When I was discharged from the hospital after my stroke, I received support from the Stroke Association when I joined the conversation and communication group. The group support encouraged me to practice speaking and communicating, without fear of judgement, because all of the group had similar challenges. Slowly I felt at ease and started encouraging others to try to communicate.
My speech therapist, once the mechanics of sound production were relearned, was a firm believer in language that fits the user need. I was a teacher with iPad and tech training, helping out the teachers at my school to take advantage of the iPad so the vocabulary had to fit that role. As it turns out, my speech therapist felt that the iPads definitely had a place in therapy and in communication with the world in general.
She encouraged me to try and find out cool applications that would assist in therapy and become an expert in the adaptability features of the iPad and Android devices. Talk about a baptism by fire, my first training session was to the team of speech therapists at the local group of hospitals about learning how to use the iPad and setting up the adaptable features of the newly bought NHS iPads.
My speech therapist and a Stroke Association Communication Support Coordinator helped me to run an ‘iPad for Stroke Survivors’ group in the local library, where I would answer the inevitable questions: set up, use, and show the adaptability features, and showcase apps and games that could aid in the groups recovery. Not all the apps were therapy apps – transport, shopping, news, weather apps were tested out by the group. No two strokes are the same, so I was kept on my toes to the varied needs and wants of the group.
By this time, I had gone through the volunteer induction and completed the Stroke Ambassador training. I went to ‘Know Your Blood Pressure’ events, staffed the booth at public events, and shared stroke prevention literature. I was involved in the “Back to Work’ project as a volunteer. I was a beta tester and initial user of ‘My Stroke Guide’, and I was pleased that the Stroke Association has released it to all. I completed the Back to Work Stroke Mentor Training, but sadly as the programme started, we left London and moved to Wells, Somerset.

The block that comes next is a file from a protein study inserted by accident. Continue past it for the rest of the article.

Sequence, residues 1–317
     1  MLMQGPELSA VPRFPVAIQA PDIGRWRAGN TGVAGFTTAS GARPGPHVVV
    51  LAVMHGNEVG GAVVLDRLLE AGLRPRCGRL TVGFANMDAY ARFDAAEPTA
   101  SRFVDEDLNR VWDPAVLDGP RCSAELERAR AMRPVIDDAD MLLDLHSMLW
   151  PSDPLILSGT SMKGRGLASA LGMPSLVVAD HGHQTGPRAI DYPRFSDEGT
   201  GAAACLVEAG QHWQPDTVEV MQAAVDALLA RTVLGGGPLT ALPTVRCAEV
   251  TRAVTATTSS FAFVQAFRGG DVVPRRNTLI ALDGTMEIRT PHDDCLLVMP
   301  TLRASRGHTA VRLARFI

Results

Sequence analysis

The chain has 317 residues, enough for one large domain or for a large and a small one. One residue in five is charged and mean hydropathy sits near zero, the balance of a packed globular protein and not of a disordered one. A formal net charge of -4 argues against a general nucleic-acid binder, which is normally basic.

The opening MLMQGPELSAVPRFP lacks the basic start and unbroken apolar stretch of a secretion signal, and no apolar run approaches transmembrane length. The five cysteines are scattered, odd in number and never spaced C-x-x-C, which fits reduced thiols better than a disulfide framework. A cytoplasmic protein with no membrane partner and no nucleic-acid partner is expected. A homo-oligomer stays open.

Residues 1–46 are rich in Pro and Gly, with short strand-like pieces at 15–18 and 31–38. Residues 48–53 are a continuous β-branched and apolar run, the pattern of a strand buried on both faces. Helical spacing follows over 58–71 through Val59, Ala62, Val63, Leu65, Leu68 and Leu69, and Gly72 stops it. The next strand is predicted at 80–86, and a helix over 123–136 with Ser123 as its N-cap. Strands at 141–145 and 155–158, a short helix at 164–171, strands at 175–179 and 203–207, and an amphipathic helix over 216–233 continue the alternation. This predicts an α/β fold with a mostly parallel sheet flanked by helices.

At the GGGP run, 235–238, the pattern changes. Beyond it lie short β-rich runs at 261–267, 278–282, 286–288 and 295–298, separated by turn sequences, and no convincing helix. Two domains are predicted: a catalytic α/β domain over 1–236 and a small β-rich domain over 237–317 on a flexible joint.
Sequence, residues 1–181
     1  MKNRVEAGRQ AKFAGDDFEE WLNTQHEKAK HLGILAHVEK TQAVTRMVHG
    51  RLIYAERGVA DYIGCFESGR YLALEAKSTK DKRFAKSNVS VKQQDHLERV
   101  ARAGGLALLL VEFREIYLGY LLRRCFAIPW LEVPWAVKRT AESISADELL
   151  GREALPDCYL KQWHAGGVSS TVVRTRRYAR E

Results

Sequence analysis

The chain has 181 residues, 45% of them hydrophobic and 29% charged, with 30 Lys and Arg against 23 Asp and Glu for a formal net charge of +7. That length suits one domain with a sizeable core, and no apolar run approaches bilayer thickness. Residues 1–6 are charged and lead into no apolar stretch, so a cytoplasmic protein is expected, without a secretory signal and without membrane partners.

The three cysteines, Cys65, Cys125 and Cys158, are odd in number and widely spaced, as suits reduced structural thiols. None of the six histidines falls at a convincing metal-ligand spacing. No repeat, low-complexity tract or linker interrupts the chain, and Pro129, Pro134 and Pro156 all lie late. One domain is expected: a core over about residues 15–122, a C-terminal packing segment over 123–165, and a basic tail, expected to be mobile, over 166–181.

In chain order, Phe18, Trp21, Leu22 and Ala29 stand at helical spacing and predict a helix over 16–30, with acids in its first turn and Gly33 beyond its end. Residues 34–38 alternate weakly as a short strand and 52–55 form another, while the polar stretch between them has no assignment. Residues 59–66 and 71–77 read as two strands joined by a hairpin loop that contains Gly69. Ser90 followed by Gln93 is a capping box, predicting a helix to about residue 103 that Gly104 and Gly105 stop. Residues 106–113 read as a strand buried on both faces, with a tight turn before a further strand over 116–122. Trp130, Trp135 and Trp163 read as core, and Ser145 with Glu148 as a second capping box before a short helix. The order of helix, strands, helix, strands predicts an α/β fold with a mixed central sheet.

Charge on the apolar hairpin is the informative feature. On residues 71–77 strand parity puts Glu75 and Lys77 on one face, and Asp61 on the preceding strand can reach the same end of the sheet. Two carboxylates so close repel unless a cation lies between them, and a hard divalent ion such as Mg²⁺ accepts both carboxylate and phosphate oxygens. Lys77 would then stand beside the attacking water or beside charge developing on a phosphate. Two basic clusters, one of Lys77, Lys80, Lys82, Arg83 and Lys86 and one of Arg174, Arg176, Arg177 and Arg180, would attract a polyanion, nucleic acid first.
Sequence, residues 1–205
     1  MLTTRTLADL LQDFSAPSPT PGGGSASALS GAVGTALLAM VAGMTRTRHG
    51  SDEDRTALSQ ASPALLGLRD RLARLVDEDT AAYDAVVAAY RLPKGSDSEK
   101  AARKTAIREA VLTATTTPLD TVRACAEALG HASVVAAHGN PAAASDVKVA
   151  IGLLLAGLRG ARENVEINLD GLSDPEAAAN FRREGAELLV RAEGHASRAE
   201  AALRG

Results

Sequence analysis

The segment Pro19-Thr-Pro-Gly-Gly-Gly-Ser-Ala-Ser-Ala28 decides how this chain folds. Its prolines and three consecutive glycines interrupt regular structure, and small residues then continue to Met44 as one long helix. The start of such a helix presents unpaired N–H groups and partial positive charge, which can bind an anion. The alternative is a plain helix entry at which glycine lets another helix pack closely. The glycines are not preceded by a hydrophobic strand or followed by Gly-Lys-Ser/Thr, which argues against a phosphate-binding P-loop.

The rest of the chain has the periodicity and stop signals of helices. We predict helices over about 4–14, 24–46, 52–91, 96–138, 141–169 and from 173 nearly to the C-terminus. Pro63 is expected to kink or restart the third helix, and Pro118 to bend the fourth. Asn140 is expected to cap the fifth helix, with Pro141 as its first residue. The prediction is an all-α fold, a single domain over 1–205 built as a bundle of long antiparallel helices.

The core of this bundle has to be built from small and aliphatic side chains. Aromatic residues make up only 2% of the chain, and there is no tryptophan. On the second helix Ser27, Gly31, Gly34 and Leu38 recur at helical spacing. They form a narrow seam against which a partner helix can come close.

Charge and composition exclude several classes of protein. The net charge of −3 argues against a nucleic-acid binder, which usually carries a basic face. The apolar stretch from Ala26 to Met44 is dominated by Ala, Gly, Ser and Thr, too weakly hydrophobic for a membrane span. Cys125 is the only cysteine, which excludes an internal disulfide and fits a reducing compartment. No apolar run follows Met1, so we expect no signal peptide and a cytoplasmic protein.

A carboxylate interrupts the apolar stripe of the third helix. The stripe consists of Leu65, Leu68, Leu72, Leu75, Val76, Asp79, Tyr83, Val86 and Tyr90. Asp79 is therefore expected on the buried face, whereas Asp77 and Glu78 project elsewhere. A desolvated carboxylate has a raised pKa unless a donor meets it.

I help out at the Wells Communication group and I have spoken at the regional meeting, telling my story and offering to help with technology, iPads, Android, desktop and laptop. I have Skyped with a group in Plymouth. I look forward to many more.
My ‘usual day’, is checking Twitter to see, ‘like’, and comment on stroke-related posts. Then I go on ‘MyStroke Guide’ and check on the chat, provide answers and feedback, and try to encourage conversation and point out the excellent resources that are on there. Gardening, composing, and reading have a slot in my day as well.
My top tips for recovery? Never say 'can’t' and develop an attitude of gratitude. I learned the hard way to stop comparing yourself before the stroke as a gauge for your recovery. Instead, look back on when you first woke up after the stroke and see what you were able to do and then measure the progress. That is the true measure of how far you have come.